I've spent some time using Verizon's new system for controlling my DVR using the PC. It's an immense time saver. It's being billed as a great way to schedule DVR recordings from the office -- which it can certainly do -- but it's really useful for doing things quickly that normally require tedious hours with the remote control. Things like picking your list of 20 favorite channels from the 599 available channels without scrolling through them all. Or setting your parental controls, or even deleting hours of HD DVR recordings to make room for American Idol, er, I mean, some show much more sophisticated than that.
This new generation of workers born between 1980 and 2000 is very different from those workers of previous generations. Millennials are naturally adept with technology. They figure out how a new application or a particular device works—and they like the challenge. They live in online communities and are remarkable in their outreach to others through microblogging, social networks, text messaging, instant messaging, etc. One Millennial said to me recently, “Email is too slow. I use it only when I have to write something formal.” They are not afraid to say what they think. They respect older generations for their experience and knowledge, but Millennials are fearless in challenging them with other perspectives.
Introducing a new partner-type Lingua Franca for the new era
By Peter O'Neill
We have been getting numerous inquiries from both vendor and user clients about the strange collection of terms used to describe partners in our industry. What is a "Preferred Partner"? Who prefers them and why should that be important to me the buyer. Or what does "Advanced Partner" mean? So we looked at the partner-taxonomy for 16 different IT vendors and, lo and behold, it is truly a mess!
Of course, compared with other industries, the IT industry is still relatively young and we are still more influenced by technology than business trends - so most decisions of this type are still made by technology experts with only occasional business-savvy. The partnerships that IT vendors develop and communicate tend to reflect their bias.
The blogsphere on the Oracle/Sun deal has been hot for the past two days and the Forrester team has just gotten off the phone with Ed Screven, Larry’s Chief Corporate Architect to learn more on the background. Actually Oracle’s commitment, the market reaction, and our analysis provides far too much content to cover in one report or even a quick blog. It will end up in various Forrester reports according to your role:
For infrastructure and operations professionals, James has already unveiled the impact on SUN’s installed base. Everybody operating a Sun hardware based data center is scared by the mere possibility that Oracle might sell the hardware part of Sun. See his blog here.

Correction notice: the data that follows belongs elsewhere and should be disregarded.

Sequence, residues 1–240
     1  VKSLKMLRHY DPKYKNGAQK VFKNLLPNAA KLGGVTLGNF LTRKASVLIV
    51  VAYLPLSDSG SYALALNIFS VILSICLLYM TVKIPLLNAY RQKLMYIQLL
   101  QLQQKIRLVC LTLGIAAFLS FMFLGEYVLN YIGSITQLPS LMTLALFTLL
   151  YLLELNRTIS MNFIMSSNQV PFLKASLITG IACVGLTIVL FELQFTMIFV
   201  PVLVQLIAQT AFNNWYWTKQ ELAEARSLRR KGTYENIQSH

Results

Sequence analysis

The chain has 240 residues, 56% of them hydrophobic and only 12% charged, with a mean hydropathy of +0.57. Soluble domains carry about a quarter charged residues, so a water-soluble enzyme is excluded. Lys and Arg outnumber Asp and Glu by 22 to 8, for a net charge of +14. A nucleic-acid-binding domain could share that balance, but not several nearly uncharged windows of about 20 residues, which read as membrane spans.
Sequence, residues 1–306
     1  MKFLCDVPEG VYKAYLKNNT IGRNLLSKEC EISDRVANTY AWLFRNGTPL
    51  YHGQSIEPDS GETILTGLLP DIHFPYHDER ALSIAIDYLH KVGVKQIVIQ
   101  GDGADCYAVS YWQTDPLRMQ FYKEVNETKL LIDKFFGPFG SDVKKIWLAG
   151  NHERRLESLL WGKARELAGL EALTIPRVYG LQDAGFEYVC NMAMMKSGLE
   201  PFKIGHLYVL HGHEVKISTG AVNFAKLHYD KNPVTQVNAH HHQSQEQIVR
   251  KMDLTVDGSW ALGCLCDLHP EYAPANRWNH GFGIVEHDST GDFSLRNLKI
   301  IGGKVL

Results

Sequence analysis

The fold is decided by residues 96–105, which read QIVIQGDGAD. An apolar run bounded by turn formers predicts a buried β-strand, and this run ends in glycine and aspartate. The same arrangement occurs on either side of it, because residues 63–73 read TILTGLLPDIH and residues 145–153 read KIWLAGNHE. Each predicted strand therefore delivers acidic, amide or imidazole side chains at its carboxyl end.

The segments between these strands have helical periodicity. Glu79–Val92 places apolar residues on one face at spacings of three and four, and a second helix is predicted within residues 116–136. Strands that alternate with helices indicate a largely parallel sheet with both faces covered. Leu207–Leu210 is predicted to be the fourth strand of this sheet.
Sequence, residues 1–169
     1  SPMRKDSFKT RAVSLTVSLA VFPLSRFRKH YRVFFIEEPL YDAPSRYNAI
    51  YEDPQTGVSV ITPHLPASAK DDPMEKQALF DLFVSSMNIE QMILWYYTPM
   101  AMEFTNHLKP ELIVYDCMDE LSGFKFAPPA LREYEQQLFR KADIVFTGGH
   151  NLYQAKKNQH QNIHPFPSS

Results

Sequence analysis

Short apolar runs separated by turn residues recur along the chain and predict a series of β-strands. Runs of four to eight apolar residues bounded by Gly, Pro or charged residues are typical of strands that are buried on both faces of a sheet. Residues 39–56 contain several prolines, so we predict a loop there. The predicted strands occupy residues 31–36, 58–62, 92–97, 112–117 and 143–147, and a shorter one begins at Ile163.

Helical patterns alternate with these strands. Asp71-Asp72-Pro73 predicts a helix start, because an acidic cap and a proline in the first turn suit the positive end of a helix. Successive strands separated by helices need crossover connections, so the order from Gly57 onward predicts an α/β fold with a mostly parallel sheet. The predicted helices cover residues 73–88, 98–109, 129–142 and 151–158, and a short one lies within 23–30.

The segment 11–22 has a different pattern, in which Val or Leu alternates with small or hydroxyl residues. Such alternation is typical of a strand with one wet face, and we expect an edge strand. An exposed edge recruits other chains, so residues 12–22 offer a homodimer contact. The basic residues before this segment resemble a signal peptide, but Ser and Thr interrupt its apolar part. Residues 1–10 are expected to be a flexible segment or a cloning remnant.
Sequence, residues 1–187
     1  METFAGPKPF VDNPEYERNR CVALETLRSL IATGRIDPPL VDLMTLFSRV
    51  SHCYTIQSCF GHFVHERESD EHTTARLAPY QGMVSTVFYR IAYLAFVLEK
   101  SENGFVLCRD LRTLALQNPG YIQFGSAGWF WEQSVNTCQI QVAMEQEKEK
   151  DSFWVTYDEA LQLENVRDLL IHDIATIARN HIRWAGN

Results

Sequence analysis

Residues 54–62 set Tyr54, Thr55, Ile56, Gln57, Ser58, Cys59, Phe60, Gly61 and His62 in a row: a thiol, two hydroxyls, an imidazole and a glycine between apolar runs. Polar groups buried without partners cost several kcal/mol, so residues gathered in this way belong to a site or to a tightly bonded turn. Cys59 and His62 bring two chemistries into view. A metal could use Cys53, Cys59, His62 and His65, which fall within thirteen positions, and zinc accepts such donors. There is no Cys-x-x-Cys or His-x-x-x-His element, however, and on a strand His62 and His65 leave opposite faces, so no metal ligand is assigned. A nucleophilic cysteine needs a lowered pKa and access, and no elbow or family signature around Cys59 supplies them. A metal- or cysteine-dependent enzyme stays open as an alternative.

According to The Economist, 2009 will be the year of the CFO. After reading Lucy Kellaway’s article in The Economist earlier this year, I can’t seem to shake this image in my head of a maniacal axe-wielding CFO’s lopping off departmental budgets. A la the French Revolution, “off with their heads!” Except with the CFO it’s more like “off with their bloated budgets!” Hmmm, doesn’t seem to have the same ring as the French Revolution mantra.
Everything as a service (XaaS) and Yet Another cloud! The cloud
is the buzzword du jour.
Unfortunatelyvendors are increasingly confusing customers as too many different
things are related to cloud computing. We’d like to start a public discussion
around the number and structure of cloud computing categories. Discussions with
Forrester clients and among Forrester analysts turned out that not only the
technical capabilities or the network topology is the major dimension for a
differentiator. It is also the role of the corresponding IT professional. A
specific technical cloud infrastructure for example, cloud be called by a
vendor strategist simply a “private cloud”, but might get two different names from
the IT operations professional depending on an internal or external sourcing
Forrester already explored various cloud trends, SaaS and
PaaS technologies and business application.
As many ISVs and vendors of business applications have
subscribed this vendor strategy blog of Forrester, I’d like to share two important
announcement of this week with you. Both will make business applications in the
cloud more attractive and enable ISVs to reach more people with their cloud deployment.
Our latest featured podcast is Matt Brown's "Information Management Trends To Watch In 2009."
In this podcast, Matt discusses five key trends that Forrester believes will have a significant impact on information management in 2009, including the rise of cloud computing services, and what’s going to happen to social software and Web 2.0 this year.
We look forward to your questions and comments.
Subscribe to Information & Knowledge Management podcasts through iTunes.
The Forrester team is gearing up for yet another great Marketing Forum, this time, in Orlando, Florida. We've carefully selected speakers to take on the hard topics of the recession, ROI, and taking risks.